The blog entry I planned to write today was about my lost earring, the silver flying pig earring that disappeared while we were in Pennsylvania for Thanksgiving.
I’ve had those earrings since my pig-collecting adolescence (inaugurated by my star-studded turn as Wilbur in Charlotte’s Web the Musical). I consider them lucky, mostly because I’ve held onto them so long. Also, flying pig earrings go with pretty much everything. When I wear them to school, students want to touch them. I wore them the day David proposed.
We looked carefully for the missing earring before we left Pennsylvania. I felt sad to lose it. Still, I hung the solo pig in its place when I got home. You never know, I thought.
And today, while fishing in my backpack for an IPod cord, I found it! Exultation!
The blog entry would have led to some moderately saccharine sentiment: Sometimes what we’re looking for has been nearby all along, or Savor life’s smallest triumphs, or We find precious things when we least expect to. (Okay, hopefully I would have come up with something better than any of those.)
But before I sat down to write a friend texted me, Vigil for the folks in CT on Beverly Common at 6:30. Will you be there?
So I googled Connecticut, and learned about 27 people being killed in a sweet, safe little school, and suddenly my reunited earrings were the furthest thing from my mind.
There are other blog entries I’ve been meaning to write. An entry about the day two weeks ago when an Apple store employee gave me a new battery for my laptop. A $129 battery for free! And it couldn’t have happened at a better moment. I’d just come from the chiropractor and I could barely walk without wincing; I was on my way to the dentist for a couple of fillings. I was in pain and anticipating more pain and worried that my laptop would need to be replaced. Instead the guy at the Genius Bar came back from the storeroom with a new battery for my aging MacBook and said, “Merry Christmas. It’s on us.” Ever since, when my hips are hurting or I’m feeling stressed about school stuff, I say to David, “Remember that time when they gave me a new battery for my laptop?” It seemed like some sort of cosmic sign that life would be okay, that at some point my usual zest would return, and when it happened I’d understand afresh that life and energy (my metaphoric battery, if you will) are gifts.
Then again, I thought I might snap pictures of the beautiful bouquet they gave me at the Winter Concert last night. I might have written about my intention to examine it and inhale its fragrance again and again in the days to come, because this time of year is crazy, and God knows we all need to just stop and enjoy the beauty.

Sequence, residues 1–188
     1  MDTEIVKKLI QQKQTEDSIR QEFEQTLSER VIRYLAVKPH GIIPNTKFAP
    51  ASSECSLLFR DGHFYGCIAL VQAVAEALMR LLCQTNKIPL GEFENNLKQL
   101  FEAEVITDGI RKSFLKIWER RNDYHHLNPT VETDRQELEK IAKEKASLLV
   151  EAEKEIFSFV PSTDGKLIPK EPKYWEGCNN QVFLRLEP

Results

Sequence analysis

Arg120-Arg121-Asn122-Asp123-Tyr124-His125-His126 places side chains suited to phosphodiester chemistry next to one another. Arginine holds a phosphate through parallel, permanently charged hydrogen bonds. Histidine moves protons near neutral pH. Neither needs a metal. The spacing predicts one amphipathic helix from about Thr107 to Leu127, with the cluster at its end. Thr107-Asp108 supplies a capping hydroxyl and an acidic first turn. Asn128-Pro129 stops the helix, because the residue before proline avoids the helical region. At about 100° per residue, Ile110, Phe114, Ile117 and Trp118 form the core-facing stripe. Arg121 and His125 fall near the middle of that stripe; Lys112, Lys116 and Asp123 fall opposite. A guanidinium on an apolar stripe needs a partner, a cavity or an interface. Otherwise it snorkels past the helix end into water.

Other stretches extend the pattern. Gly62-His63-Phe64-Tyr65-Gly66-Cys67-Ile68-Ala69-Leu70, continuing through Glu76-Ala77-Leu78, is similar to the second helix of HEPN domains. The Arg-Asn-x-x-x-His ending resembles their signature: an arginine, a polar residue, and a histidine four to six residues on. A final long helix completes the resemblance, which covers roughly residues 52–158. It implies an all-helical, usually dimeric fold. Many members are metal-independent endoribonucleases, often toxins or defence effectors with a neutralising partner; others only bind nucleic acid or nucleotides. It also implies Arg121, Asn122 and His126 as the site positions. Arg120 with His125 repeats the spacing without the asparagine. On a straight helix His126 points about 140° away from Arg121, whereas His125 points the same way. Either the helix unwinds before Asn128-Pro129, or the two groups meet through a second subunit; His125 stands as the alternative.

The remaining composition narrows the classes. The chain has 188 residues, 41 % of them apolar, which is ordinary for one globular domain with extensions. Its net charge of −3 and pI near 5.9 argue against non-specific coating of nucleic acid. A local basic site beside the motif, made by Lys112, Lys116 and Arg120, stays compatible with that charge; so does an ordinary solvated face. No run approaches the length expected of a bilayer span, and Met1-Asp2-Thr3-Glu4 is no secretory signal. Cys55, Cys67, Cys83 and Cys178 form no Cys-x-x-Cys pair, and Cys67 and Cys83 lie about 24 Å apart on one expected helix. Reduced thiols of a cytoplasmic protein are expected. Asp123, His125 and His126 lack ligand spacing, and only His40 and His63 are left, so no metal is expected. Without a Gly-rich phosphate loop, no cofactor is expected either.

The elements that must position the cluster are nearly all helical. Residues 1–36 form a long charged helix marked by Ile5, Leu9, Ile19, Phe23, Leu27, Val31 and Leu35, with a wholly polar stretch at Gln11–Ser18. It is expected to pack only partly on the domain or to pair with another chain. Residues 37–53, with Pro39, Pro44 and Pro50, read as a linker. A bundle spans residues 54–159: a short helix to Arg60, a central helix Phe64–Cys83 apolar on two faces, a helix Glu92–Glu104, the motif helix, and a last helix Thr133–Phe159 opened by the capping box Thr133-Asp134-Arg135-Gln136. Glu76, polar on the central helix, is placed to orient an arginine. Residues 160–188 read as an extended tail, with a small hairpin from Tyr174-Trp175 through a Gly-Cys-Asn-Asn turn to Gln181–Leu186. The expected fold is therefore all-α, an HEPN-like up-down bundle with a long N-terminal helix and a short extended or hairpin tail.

But now there are all those children and parents and grandparents and friends and neighbors in a small town in Connecticut whose lives will forever be ripped into two pieces: Before and After.
And so I cry and think of the last music class I taught today. The second grade boys who couldn’t seem to stop rolling across the carpet like puppies. The quiet, shaggy-haired child who crouched in the corner and sucked on his sleeve while the rest of the class stood for the movement activity. The first grade girl who mewled like a wounded cat when any of the boys got too close. It doesn’t matter how many years a person teaches: there are days when you’re swimming against the current. I tried every gentle-yet-firm trick in my arsenal, and still I ended the week feeling like a desperate hack.
Such a lucky hack: grappling for control of holiday-giddy seven-year-olds on a Friday afternoon. Not fumbling to close the door as bullets fly through the hall. Not gasping for life, just for a fleeting sense of authority.
So we went to the vigil and stood in a circle with strangers. A two-year-old examined her father’s candle and local reporters whispered politely, wanting names to correspond with the pictures. We walked past the ocean on our way home, admiring the neighborhood Christmas lights.
I live in a world where lost earrings turn up. I live in a world where children can be killed in their classrooms. I live in a world where an Apple store employee might give you a free battery. I live in a world where death is always a possibility.
Sometimes I feel there is not enough space in me for these realities. I try to push away the frightening ones with a thousand useless mind games. I compartmentalize. I judge. I tell myself that certain things won’t happen to me or to anyone I love. But sometimes I drop my defenses and let the ache in. Sometimes I weep at my computer and let my weeping be a prayer. Then I head downtown with a candle in my hand.